DB: Which boxer or fight would be your ultimate subject? Current and all-time?

JM: Wow, as far as the greats that I haven’t painted yet, Sugar Ray Robinson, definitely. The speed and technique of Sugar never ceases to amaze me; the Robinson-LaMotta and the Robinson-Basilio fights were some of the greatest of all time. I wish there would have been a third Robinson-Basilio. I have painted Ali many times, but I would love to do a big multi image painting of the Ali Shuffle, Joe Frasier’s wicked left hook, the Ward-Gatti fights always inspire me [as well.] I am a big Sergio Martinez fan. He lays it all out there. You got to love an ex-soccer player converting to the sport of boxing and knocking guys out to become champion of the world. I love Pacquiao’s full-throttle approach to the sport and I am looking with great expectation to Big George’s son’s (George "Monk" III) heavyweight career. I could keep going; I am a boxing fan who loves capturing the human body in motion and the primitive power that the sport so wonderfully displays.

DB: Describe a little about your process in creating art, styles you employ, materials, inspiration, etc.

JM: I’ve always loved the sport of boxing; I appreciate it. These athletes are our modern day gladiators. I am fascinated by the technique of all sports. Boxing is like a violent ballet. There is no formula, it is kind of like boxing in that respect, each painting always presents itself differently and there are different challenges and obstacles with each canvas. I work mostly in oils, but I will sometimes employ a mixed media technique that I learned from the great wildlife artist, Robert Bateman. Sometimes I meticulously sketch out every part of the painting before proceeding and others I will throw paint at the canvas and go from there. Like I said, each canvas is very unique.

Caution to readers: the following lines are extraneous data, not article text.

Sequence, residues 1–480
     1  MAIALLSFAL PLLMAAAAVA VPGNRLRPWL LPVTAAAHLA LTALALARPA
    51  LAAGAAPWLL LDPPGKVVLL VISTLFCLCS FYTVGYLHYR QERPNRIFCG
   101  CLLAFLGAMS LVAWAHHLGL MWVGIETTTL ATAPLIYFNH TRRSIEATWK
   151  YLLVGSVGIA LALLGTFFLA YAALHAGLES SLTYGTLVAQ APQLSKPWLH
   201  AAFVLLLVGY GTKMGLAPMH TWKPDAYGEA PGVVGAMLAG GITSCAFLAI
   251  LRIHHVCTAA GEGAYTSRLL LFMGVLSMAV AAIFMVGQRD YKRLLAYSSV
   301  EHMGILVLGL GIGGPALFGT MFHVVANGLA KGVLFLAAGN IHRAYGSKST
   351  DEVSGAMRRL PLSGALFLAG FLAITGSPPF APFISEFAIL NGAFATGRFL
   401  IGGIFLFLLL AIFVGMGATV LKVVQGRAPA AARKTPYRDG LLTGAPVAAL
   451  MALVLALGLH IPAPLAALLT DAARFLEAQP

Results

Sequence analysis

DB: Have you sold any paintings yet? What type of offers are you receiving?

JM: I make my living off of commission oil portraits and prints. I will soon offer my boxing art for sale as a collection. It has been a ten-year journey with my fight-art and I am working towards having a large showing in the very near future. I am a second generation artist and so far, McTier Art has carried me and my family into the Oval Office for a private presentation with President Ronald Reagan, and into thousands of private homes. Most recently, I’ve been able to meet some of my childhood heroes and some of the greatest athletes and trainers in the world: Angelo Dundee, Muhammad Ali, George Foreman, etc. I am very thankful to God and all the wonderful people He has allowed my journey in life to cross paths with.

Interested fans can check out for more details concerning the work of Jace McTier.

For further boxing discussion contact Derek DBO Bonnett on Facebook or at

August 11, 2011

Game Plan at 5th St (Angelo Dundee) by Jace McTier
Game Plan at 5th St (Angelo Dundee) by Jace McTier
Impact by Jace McTier
Impact by Jace McTier